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Navigation Roundup

July 8, 2011

Humans have an internal chemical compass.



Can humans sense North? I’m Bob Hirshon and this is Science Update.

A protein called cryptochrome helps animals navigate using the earth’s magnetic field. We have a form of cryptochrome in our eyes, and scientists have long wondered whether it’s functional. In a study published in Nature Communications, scientists produced fruitflies that have the human protein instead of their own, and the flies were able to navigate using magnetic fields. Whether humans actually make use of cryptochrome is still not known.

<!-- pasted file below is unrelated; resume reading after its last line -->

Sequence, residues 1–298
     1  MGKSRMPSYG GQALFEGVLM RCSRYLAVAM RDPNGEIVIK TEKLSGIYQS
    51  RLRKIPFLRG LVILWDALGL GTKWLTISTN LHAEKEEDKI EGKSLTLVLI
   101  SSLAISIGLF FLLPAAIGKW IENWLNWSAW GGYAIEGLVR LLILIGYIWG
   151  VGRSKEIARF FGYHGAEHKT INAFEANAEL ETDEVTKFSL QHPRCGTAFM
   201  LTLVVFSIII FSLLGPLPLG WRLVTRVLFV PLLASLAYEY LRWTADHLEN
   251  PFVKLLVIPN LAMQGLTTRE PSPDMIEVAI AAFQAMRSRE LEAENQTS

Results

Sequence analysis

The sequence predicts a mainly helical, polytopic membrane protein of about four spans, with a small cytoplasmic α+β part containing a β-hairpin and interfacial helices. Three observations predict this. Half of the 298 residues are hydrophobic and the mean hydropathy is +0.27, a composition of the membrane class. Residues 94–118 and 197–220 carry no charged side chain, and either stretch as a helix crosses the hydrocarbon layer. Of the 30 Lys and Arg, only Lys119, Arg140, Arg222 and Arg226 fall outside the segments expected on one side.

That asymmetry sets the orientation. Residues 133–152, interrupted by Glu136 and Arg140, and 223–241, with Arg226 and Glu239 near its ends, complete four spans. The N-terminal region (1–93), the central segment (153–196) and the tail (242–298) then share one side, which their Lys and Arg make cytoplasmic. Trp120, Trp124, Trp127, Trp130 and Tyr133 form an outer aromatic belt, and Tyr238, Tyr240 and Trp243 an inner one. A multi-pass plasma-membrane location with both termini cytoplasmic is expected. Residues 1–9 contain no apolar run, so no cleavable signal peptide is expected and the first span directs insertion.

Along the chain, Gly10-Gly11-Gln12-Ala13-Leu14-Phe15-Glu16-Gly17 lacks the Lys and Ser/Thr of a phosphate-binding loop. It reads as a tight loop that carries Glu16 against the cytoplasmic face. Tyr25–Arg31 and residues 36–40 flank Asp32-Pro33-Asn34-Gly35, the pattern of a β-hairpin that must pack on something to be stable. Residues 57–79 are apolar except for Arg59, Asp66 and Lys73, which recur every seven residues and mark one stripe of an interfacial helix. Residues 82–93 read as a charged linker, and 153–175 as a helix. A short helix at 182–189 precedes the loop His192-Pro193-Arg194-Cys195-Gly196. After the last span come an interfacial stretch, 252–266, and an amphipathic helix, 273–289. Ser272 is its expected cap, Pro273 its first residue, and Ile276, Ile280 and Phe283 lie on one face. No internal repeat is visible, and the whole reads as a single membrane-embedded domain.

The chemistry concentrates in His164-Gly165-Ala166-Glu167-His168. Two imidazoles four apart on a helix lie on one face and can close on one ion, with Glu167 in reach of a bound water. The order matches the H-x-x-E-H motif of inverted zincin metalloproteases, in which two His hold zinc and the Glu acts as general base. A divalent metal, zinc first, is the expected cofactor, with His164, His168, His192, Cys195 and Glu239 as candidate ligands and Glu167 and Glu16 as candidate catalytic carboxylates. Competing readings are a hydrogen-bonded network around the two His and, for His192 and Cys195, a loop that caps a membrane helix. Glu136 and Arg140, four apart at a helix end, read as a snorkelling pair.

In other news, some birds run and flap their wings to get over obstacles. Scientists writing in the Journal of Experimental Biology were curious why the birds ran when they could have flown. Using sensors in pigeons, they found that this flap-running uses just 10 percent of the energy that flying does. They think that early protobirds could have been flap running long before they gained the ability to fly. I’m Bob Hirshon, dor AAAS, the science society.